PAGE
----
2. Campbell, C., I.D. Campbell, C.B. Blyth, and J.H. Mcandrews. 1994. Bison extirpation may have caused aspen expansion in western Canada. Ecography. 17(4): 360-362.

    Abstract: The aspen Populus tremuloides parkland that forms the northern margin of the North American grassland or prairie has been variously attributed either individually or in different combinations to the ecological effects of prairie fire, fire suppression, frequent drought, and grazing. Plains bison Bison bison bison, formerly abundant on the western North American plains, inhibited growth of aspen by browsing, wallowing, trampling and toppling. Historical references show that aspen populations have expanded over the past century, and fossil pollen evidence suggests that the expansion occurred mainly after the near extinction of bison but before European homesteading and subsequent fire suppression in the late 1800s. We suggest that a prehistoric cycle of grassland, fire, aspen suckering, bison activity, and return to grassland was interrupted by the removal of bison, allowing aspen expansion.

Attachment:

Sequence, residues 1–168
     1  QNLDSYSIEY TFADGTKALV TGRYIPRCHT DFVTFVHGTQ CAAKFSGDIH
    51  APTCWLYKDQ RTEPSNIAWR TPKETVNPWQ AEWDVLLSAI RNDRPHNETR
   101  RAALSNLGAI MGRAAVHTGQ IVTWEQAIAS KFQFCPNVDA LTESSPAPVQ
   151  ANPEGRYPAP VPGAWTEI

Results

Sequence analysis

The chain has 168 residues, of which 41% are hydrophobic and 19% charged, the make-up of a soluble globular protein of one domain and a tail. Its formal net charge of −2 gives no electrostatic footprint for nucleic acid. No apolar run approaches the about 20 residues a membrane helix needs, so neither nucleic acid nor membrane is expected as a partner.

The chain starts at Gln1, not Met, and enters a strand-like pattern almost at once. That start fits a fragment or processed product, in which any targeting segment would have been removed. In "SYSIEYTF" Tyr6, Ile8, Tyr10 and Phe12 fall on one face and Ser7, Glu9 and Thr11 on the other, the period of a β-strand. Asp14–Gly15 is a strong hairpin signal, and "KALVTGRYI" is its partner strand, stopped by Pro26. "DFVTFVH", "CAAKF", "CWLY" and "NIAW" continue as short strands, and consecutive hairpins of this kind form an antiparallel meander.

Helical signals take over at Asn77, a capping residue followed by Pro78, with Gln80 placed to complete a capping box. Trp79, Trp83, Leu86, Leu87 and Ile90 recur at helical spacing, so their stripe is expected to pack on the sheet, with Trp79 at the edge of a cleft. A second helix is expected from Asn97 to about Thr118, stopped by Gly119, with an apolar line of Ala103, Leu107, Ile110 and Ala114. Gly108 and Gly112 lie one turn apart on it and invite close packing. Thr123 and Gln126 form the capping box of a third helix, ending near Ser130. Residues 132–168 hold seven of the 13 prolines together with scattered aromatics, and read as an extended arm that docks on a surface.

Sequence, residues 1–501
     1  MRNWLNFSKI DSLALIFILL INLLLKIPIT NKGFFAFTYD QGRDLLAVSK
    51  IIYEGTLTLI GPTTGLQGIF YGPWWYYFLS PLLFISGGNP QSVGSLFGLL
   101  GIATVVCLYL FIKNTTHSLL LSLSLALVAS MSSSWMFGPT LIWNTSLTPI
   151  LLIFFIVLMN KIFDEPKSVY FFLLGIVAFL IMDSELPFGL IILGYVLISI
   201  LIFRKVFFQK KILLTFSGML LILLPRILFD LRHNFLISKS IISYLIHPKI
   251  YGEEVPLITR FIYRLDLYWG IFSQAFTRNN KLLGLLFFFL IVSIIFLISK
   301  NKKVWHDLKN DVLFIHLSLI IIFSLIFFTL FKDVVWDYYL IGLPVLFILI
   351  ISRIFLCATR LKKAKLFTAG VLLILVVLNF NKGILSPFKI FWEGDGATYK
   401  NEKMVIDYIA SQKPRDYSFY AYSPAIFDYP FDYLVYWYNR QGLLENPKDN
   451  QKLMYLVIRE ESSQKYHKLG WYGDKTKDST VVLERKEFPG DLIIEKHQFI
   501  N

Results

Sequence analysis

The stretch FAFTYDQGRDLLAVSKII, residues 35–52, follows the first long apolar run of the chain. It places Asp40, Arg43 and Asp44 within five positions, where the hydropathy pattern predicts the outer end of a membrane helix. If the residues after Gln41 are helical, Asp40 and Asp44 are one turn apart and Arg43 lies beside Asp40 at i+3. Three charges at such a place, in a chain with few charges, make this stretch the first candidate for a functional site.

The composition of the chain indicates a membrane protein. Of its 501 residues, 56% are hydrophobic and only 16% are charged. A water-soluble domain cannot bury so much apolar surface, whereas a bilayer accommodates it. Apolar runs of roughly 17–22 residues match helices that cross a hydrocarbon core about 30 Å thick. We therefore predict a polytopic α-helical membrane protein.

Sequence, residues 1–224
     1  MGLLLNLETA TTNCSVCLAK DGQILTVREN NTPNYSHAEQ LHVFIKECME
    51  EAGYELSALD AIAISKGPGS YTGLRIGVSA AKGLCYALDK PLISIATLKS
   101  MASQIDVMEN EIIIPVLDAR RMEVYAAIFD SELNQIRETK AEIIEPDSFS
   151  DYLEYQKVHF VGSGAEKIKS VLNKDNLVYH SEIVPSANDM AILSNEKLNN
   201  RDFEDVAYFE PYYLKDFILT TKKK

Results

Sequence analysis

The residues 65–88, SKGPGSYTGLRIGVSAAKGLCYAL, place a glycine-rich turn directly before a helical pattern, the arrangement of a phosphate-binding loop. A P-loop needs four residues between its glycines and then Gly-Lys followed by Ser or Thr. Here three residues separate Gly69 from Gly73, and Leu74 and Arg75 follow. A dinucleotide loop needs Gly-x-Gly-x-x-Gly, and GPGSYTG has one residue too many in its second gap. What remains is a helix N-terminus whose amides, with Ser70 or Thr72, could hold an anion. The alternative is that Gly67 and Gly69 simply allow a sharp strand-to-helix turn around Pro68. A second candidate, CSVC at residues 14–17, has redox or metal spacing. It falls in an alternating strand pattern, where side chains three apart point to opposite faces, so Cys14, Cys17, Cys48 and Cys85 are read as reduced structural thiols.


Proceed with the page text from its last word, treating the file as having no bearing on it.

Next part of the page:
3. Cournoyer, D. 1996. Return of the Buffalo: The efforts to restore bison to Native Americans. Tribal College: Journal of American Indian Higher Education. 7(4):14.

    Abstract Not Available

  4. DeLiberto, T.J., and P.J. Urness. 1995. A Total Urine Collection Apparatus for Female Bison and Cattle. Journal of Range Management. 48(1): 92-93.

    Abstract: A urinary collection device is described for use in metabolism studies on female bison (Bison bison) and cattle. Separating urine from feces, and collecting all urine produced by female animals in metabolism stalls present difficulties. Catheters are usually used on animals in confinement, but often with varying degrees of success. Thus, an external device designed to divert urine into collection receptacles was developed. The urine collection apparatus was used successfully in six 8- day metabolism trials conducted during 1991 and 1992.

  5. Fahnestock, J.T., and A.K. Knapp. 1994. Plant responses to selective grazing by bison - interactions between light, herbivory and water stress. Vegetation. 115(2): 123-131.